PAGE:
Will the moratorium on old and ingrained conflicts break down and release their violent potential but in the 21st century this time? Is it really the case that what is happening today in the Middle East is an extension of the Arab-Persian and Arab-Ottoman struggles? Is it only a question of time until what remains of the Arab-Israeli conflict will erupt again in some form or other? Or has it already, in the form of Israeli strikes against Syria, Lebanon and Iraq? One lesson from history is that entrenched historic conflicts will continue to emit sparks capable of igniting fires unless the disputants resolve on peaceful coexistence and another mode of life. Unfortunately, that option does not sit well with many parties.
China continues to keep everyone at the edge of their seat in a number of ways. Is it truly on its way to becoming a super power? What will it do if it does become one? Will a new Cold War erupt or just intense competition between two countries with extraordinary capacities? There’s a big difference between these two modes. Whatever the case, with regard to us, it wouldn’t work to revert to the old policies of nonalignment or positive neutrality. But how should we conduct our relations with the US and China?
For their part, the Chinese must be waiting with bated breath to see who will be the winner in the US presidential elections. After all, China’s rise to superpower status is not only a product of its own efforts but also a product of US-driven globalisation and the encouragement it received from Washington to join the World Trade Organisation. All these factors enabled China to surge forward as the production and supply chain hub of the global factory and, more recently, as a high-tech pioneer on earth and in space. Meanwhile, all must be holding their breath as their attention turns to the other side of the Pacific where questions hover over possible responses to Beijing’s actions towards Hong Kong, Taiwan and the South China Sea, some of which Washington may be able to live with and others of which could spark dangerously soaring tensions.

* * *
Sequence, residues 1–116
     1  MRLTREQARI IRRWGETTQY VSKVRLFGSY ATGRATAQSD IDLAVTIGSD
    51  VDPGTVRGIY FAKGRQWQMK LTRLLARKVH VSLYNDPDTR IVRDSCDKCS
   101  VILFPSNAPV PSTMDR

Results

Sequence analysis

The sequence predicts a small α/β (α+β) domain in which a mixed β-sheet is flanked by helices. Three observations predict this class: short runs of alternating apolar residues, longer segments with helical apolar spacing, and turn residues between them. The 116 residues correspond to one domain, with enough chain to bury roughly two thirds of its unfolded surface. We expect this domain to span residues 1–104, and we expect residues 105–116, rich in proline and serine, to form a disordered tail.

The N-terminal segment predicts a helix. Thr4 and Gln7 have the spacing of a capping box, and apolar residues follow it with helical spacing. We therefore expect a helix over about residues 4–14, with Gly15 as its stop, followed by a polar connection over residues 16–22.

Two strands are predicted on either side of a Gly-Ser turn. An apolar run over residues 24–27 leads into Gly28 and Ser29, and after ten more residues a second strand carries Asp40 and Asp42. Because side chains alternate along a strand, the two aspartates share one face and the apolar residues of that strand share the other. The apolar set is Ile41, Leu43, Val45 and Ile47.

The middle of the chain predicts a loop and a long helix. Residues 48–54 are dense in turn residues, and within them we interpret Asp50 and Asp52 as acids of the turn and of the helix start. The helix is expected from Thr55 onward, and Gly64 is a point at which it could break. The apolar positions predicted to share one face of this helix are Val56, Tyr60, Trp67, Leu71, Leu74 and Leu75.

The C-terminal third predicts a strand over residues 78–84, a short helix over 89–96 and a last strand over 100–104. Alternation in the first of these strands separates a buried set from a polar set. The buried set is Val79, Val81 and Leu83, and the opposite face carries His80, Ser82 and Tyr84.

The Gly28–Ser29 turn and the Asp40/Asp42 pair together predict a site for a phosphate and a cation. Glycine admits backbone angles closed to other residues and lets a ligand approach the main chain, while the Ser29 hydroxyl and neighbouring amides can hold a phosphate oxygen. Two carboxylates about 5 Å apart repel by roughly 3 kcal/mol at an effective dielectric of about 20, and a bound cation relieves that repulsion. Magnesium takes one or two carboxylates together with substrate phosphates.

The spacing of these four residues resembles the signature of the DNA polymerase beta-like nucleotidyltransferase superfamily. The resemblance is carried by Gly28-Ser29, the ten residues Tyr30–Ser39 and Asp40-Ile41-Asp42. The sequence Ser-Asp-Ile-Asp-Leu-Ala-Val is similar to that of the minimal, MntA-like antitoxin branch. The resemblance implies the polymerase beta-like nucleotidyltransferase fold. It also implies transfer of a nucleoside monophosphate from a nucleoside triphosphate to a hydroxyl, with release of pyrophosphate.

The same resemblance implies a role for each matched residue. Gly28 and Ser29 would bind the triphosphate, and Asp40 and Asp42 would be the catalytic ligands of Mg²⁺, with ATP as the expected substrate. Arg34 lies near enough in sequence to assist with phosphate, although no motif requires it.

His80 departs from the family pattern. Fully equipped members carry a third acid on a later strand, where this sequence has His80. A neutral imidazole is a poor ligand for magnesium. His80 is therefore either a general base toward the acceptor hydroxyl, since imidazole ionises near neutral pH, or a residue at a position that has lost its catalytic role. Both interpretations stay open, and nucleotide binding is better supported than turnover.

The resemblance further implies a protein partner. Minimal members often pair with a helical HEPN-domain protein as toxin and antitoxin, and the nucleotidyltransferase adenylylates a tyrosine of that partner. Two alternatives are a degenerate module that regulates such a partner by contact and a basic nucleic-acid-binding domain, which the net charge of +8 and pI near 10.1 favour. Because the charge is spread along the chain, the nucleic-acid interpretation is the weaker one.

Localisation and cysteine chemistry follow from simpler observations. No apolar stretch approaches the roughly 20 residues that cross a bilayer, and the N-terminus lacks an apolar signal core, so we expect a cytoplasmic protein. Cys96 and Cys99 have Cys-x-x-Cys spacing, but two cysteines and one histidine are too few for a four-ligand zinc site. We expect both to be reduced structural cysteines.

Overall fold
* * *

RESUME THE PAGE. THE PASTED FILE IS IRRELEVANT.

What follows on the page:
Fortunately, another formula for Sino-US relations could steer away from the inevitable collision course and the eruption of a cold war similar to that which had prevailed between the US and the USSR before the fall of the Berlin Wall. The alternative to conflict in this case is intense economic and technological competition. This, as mentioned above, is another mode. With conflict, polarisation is acute, there is no common ground with others; it is either “with us or against us”. In competition mode, positions and “sides” are determined by the issues at hand, countries’ diverse geopolitical perspectives and their ability to build hard or soft regional alliances. The sense of anticipation in this mode focuses on gains whereas in conflict mode calculations have to factor in potentially grievous losses.
But there are bigger enigmas involving still evolving entities with uncertain futures. One of these is Russia which, after emerging from the Cold War era, has neither moved in the direction of Chinese prosperity or in the direction of American might. Russia is a strong country with powerful military assets, including nuclear muscle. But it has nothing to offer world markets apart from arms.
The EU is another major puzzle. Brexit has shaken the EU from certitude in the EU’s existence. Germany sometimes seems to lead it, but France makes enough noise as to give the impression that it holds the European rudder. Until only recently the EU was on its way to become a world power. Now it has set its sights on becoming a Mediterranean power.
These and other questions are keeping us waiting. In international relations, waiting has material costs. It can be nerve racking and it taxes our patience as long as the waiting lasts.